Cyril Mann and the girl in the green jumper

Blog — 15 Mar 2024

Drawing has always been an important part of our practice. In the early days my drawings generated far more PR interest than the domestic work that we undertook as a fledgling studio. We (Andy Trevillion & I) studied at The Polytechnic of Central London, now Westminster University, and under the tuition of Doug Clelland and Eric Parry drawing was not only encouraged but it was refined to become central to the communication of design ideas. My thesis, design drawings of Rome, were hung in the RA (Royal Academy) summer show.

In the early 1980s when we started out, I was drawing for pleasure and building a body of work that recorded the cities and landscapes that I had visited and explored. At the time I lived in Ladbroke Grove and I came across a gallery in Portland Road called The Holland Gallery. It was run by two enthusiastic women, Renske Mann and Marion Mathews who set it up to showcase the unrecognised genius of a painter called Cyril Mann. The gallery also had a remit to help young artists get established, by offering exhibition space and by taking a much lower commission than most commercial galleries.

Cyril Mann Self Portrait 1950. Renske Mann - Photograph of Original in Private Collection

It transpired that the reason for Renske’s altruistic approach was rooted in her own life story. She had married an artist twice her age - Cyril Mann.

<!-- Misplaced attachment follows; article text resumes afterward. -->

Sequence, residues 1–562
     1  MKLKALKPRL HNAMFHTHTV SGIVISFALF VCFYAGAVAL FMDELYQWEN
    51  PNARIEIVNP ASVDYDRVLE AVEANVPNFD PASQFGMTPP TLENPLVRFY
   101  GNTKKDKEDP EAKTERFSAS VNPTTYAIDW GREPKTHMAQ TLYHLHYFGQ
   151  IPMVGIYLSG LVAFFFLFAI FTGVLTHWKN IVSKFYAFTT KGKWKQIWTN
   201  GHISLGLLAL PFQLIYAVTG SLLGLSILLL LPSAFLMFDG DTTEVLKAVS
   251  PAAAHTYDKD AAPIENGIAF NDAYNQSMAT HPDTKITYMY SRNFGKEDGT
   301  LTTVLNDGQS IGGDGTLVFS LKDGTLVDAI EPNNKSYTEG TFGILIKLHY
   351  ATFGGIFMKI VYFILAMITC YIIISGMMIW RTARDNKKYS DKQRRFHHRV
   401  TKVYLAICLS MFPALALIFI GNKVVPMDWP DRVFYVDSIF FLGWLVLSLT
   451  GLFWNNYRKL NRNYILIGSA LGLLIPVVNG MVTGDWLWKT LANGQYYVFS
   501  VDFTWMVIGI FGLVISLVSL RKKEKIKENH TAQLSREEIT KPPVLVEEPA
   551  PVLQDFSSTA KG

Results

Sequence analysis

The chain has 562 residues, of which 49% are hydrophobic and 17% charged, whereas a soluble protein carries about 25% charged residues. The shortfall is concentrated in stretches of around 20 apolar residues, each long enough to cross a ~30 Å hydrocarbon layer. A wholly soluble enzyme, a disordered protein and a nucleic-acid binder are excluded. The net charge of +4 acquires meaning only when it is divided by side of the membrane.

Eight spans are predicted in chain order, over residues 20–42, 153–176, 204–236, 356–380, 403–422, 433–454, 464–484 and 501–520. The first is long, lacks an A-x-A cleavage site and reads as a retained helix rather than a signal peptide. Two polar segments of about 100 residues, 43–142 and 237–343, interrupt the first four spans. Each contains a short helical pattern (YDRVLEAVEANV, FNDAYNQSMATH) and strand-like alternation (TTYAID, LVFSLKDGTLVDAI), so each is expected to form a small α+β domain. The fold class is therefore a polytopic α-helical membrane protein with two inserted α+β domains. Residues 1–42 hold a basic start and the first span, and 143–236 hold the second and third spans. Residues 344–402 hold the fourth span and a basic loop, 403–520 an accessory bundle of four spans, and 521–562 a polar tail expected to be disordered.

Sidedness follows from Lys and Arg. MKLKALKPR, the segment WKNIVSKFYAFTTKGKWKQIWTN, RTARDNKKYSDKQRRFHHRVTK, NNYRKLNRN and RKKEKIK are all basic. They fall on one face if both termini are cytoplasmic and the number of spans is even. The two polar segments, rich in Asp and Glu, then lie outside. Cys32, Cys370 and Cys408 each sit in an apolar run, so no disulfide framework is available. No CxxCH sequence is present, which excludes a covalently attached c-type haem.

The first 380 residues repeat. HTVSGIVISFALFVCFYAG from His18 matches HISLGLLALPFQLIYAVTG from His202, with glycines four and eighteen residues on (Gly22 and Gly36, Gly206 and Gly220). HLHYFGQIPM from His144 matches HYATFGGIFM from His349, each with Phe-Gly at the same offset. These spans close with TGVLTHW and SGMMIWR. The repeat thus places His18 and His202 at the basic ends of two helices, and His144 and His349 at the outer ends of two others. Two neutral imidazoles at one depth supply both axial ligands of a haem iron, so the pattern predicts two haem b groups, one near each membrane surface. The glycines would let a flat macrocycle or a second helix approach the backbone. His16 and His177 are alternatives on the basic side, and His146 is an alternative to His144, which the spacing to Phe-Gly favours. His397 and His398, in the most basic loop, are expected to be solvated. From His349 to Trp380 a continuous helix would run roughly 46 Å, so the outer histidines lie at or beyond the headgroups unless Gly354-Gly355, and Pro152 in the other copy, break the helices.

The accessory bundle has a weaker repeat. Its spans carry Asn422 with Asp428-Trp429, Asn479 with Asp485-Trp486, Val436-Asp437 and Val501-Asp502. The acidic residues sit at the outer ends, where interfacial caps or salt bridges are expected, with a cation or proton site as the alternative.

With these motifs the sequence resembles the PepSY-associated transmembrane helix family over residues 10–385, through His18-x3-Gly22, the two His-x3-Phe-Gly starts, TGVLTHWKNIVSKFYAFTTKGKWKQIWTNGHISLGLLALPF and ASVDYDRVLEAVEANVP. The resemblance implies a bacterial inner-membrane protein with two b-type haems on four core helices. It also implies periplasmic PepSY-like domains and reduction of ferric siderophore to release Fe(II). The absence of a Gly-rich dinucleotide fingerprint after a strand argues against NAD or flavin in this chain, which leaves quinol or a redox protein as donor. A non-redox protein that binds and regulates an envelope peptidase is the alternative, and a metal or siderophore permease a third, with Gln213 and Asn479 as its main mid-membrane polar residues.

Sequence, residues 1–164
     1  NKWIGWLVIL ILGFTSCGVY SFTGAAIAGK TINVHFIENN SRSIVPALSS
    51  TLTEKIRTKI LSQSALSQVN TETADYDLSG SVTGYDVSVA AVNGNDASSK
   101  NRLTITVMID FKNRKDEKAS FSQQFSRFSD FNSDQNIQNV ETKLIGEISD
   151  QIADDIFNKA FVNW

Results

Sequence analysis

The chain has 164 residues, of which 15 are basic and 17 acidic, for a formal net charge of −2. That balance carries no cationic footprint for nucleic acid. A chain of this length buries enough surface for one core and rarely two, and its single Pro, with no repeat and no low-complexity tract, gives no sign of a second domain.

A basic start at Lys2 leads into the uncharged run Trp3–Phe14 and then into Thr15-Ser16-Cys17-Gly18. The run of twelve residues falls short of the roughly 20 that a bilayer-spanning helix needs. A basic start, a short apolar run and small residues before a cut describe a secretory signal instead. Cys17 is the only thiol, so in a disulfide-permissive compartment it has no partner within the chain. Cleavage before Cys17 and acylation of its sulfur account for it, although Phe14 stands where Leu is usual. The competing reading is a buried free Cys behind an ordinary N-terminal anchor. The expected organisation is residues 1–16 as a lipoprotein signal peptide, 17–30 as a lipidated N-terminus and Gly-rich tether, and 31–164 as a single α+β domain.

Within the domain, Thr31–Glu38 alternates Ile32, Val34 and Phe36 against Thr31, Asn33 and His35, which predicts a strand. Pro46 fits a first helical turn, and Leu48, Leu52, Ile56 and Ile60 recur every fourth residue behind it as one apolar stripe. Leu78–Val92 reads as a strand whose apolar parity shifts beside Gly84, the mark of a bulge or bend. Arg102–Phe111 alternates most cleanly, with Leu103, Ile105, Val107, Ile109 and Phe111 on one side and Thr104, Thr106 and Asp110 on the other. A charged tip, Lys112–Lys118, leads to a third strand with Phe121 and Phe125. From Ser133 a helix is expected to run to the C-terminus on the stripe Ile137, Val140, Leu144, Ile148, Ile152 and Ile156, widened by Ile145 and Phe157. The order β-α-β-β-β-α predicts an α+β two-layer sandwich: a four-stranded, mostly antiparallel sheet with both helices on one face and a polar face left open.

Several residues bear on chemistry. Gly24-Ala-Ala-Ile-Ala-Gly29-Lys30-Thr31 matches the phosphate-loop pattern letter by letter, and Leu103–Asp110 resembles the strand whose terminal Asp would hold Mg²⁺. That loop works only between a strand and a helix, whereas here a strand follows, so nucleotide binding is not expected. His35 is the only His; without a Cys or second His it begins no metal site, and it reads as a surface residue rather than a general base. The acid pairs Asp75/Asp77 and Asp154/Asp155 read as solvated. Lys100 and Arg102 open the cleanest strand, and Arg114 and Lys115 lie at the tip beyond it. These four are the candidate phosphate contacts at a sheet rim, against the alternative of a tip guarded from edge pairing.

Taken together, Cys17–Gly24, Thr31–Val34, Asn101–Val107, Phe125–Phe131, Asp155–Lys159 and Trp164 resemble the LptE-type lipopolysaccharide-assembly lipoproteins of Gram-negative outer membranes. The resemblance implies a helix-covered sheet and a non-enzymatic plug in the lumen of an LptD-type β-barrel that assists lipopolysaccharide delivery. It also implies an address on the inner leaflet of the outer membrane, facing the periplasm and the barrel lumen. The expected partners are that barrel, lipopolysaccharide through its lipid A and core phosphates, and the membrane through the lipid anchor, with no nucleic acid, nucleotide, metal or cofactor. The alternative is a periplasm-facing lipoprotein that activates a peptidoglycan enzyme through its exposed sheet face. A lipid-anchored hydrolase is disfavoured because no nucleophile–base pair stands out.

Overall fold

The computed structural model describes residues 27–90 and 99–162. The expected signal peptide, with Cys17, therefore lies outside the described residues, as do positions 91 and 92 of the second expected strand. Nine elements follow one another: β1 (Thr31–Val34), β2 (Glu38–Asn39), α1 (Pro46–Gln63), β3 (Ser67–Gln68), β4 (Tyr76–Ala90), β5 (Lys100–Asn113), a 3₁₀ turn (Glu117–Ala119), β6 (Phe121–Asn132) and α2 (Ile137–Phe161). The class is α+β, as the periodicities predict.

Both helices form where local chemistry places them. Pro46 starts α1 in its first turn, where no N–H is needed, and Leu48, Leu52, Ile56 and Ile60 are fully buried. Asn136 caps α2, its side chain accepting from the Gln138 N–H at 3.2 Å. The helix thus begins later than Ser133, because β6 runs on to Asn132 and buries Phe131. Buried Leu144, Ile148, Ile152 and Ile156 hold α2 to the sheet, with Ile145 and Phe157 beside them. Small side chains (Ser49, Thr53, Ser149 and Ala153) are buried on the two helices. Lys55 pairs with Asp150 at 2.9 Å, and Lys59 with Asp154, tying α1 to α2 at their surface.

Mann is a vastly underrated London artist who worked the same subject matter as David Bomberg, Leon Kossoff and to some extent Frank Auerbach, but has never achieved their level of recognition. His story is beautifully narrated in Renske’s book The Girl in the Green Jumper, which in turn has been developed into a play.

Whilst it is a sad story (with a very happy ending), it is an enlightening snapshot of life in post war London, a life of poverty, struggle and ultimately liberation.

Renske, 1963, oil on canvas, © The Artist’s Estate courtesy of Piano Nobile

Renske gave me and my brother Andrew, a graduate of Chelsea School of Art and a painter, a joint show, and after that I held two solo shows at the gallery which is now run by Robert Travers as Piano Nobile. It was an extraordinarily generous enterprise, which has evolved into a forty-year friendship with Renske and Marion that endures to this day.

The play, ‘The Girl in the Green Jumper‘ is currently being performed at the excellent Playground Theatre at 8 Latimer Road W10, not far from the original Holland Gallery in North Kensington. This is my patch, I've lived round the corner for thirty years, built Designers Guild’s HQ - almost opposite the theatre - and Damon Albarn’s Studio a few doors down.

This play is a fascinating insight into the creative and frustrated mind of a painter and the collateral damage that comes with it. I recommend seeking it out, it has a short two-week season (ends 24 March 2024) and it is a great way to discover a new and brave cultural enterprise in North Kensington.

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